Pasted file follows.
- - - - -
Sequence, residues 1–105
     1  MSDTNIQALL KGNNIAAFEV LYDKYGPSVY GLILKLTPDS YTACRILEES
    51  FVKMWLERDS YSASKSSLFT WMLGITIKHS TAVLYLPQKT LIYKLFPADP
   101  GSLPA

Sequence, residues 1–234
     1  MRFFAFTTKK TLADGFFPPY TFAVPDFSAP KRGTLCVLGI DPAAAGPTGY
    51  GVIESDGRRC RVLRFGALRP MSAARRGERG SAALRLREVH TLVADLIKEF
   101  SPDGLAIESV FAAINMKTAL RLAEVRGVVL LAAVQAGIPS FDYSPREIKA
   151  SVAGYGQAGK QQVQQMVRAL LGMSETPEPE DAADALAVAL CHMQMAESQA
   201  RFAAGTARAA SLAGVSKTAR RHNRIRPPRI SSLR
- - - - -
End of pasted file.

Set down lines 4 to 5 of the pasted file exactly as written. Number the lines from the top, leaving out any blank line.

   101  GSLPA

Sequence, residues 1–234